Sectarianism and the prevalence of 'othering' in Islamic thought

Journal article


Ghobadzadeh, Naser and Akbarzadeh, Shahram. (2015) Sectarianism and the prevalence of 'othering' in Islamic thought. Third World Quarterly. 36(4), pp. 691 - 704. https://doi.org/10.1080/01436597.2015.1024433
AuthorsGhobadzadeh, Naser and Akbarzadeh, Shahram
Abstract

The current sectarian conflicts in the Middle East did not arise solely from renewed geopolitical rivalries between regional powers. They are also rooted in a solid, theological articulation proposed by classic Islamic political theology. The exclusivist approach, which is a decisive part of the political, social and religious reality of today’s Middle East, benefits from a formidable theological legacy. Coining the notion of ‘othering theology’, this paper not only explores the ideas of leading classical theologians who have articulated a puritanical understanding of faith, but also explicates the politico-historical context in which these theologians rationalised their quarrels. Given the pervasive presence of these theologies in the contemporary sectarian polemics, the study of classical othering theology is highly relevant and, indeed, crucial to any attempt to overcome sectarianism in the region.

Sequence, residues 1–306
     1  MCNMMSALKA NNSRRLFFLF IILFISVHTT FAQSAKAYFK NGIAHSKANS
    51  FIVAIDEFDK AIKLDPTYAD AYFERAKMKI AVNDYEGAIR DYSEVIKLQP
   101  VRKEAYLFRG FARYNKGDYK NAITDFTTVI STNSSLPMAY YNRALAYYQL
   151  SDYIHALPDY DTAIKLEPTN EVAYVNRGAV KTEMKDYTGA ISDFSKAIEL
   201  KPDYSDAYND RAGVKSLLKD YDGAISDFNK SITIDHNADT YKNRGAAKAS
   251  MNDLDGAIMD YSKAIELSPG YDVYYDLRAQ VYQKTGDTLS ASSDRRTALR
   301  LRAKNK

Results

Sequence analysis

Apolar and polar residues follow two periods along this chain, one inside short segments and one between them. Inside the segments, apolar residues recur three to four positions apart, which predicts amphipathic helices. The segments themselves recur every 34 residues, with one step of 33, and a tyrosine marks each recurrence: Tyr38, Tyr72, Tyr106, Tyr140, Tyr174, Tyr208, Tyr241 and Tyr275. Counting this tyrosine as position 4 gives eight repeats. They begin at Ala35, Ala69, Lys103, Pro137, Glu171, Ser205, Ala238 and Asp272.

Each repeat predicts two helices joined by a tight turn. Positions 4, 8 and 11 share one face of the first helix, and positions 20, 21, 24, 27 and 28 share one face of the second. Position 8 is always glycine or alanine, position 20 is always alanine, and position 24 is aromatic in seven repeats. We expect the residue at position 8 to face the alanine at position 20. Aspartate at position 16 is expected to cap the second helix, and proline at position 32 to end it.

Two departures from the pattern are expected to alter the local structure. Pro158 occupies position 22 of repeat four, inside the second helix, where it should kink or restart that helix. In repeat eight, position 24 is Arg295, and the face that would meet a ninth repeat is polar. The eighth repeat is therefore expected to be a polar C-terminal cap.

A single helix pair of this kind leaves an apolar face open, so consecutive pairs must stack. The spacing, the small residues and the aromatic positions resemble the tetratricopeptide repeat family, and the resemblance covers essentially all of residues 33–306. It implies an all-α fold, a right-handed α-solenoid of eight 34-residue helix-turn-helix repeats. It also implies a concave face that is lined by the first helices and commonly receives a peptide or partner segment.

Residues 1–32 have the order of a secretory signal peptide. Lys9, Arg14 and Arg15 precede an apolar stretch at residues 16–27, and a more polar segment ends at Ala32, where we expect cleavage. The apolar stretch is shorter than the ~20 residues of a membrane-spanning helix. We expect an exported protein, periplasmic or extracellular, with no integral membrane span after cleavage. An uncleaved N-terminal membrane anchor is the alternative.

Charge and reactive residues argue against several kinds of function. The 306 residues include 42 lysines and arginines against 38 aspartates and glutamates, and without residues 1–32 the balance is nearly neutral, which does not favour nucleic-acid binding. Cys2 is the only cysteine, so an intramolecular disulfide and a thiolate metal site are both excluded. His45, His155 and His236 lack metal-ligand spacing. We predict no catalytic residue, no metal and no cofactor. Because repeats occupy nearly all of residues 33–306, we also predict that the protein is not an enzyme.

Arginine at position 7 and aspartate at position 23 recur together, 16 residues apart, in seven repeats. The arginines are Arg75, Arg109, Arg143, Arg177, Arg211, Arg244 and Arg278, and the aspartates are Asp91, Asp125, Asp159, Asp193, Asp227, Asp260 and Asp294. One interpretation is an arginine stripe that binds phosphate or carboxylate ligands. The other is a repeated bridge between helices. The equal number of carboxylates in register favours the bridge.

Year2015
JournalThird World Quarterly
Journal citation36 (4), pp. 691 - 704
ISSN0143-6597
Digital Object Identifier (DOI)https://doi.org/10.1080/01436597.2015.1024433
Page range691 - 704
Research GroupInstitute for Social Justice
Publisher's version
File Access Level
Controlled
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